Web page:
Urban planning decisions from decades past are likely a contributing factor to the rise of right-wing populism, a study from the University of Waterloo has found.
The study looked at urban planning and voting data from post-World War Two to 2010 outside Toronto, Canada. It found that development patterns that led to the reliance on the automobiles may also be fueling political attitudes that favour comfort and convenience and resist sustainable development.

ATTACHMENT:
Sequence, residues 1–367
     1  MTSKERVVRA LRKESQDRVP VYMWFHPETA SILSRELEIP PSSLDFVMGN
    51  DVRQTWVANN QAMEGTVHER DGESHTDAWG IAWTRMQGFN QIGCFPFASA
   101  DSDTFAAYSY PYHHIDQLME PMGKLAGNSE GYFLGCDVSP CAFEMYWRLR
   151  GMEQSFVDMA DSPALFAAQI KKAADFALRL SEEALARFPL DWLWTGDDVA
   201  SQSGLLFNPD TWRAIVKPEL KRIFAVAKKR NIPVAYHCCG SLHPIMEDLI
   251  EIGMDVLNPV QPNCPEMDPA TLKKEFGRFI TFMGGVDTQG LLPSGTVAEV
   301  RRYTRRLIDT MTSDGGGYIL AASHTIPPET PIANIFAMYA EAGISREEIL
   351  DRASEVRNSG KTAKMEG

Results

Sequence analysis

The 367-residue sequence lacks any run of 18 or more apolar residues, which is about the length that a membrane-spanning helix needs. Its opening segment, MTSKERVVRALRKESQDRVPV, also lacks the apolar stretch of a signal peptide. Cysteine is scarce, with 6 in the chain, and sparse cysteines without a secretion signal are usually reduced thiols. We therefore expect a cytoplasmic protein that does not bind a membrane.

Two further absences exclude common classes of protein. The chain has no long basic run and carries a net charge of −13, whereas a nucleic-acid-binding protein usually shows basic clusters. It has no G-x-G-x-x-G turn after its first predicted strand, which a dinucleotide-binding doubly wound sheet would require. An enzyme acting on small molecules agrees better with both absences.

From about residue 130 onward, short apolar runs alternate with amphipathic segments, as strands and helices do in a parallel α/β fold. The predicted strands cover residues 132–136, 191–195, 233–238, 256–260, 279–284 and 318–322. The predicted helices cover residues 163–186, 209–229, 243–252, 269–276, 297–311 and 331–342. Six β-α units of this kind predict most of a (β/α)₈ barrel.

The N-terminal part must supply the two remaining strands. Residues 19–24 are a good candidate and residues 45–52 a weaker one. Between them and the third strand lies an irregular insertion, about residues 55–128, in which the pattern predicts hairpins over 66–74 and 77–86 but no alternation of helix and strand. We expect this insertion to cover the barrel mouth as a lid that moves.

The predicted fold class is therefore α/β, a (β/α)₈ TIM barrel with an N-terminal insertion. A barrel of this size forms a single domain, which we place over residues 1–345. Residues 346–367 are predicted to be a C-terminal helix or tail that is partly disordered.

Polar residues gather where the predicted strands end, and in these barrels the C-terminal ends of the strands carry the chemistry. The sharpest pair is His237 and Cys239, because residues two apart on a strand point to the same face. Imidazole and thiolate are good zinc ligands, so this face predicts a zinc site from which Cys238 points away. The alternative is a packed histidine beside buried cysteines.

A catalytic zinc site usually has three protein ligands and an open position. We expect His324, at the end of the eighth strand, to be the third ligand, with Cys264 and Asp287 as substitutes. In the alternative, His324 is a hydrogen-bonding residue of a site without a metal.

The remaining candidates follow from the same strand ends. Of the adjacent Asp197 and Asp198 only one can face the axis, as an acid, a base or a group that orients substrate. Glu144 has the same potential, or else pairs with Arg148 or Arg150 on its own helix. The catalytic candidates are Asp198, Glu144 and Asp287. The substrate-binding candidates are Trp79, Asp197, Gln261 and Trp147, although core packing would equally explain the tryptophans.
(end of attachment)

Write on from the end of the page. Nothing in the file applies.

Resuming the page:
“As planners kept building suburbs they created scores of new electoral ridings and suburban voters who predictably voted for politicians and policies catering to their lifestyles,” said Pierre Filion. “This translated into increasing automobile dependence, less land devoted to public space, and the continued cycle of building more suburbs.
“A careful look at the results of the recent mid-term elections in the United States shows the clear ideological division between urban and suburban areas.”
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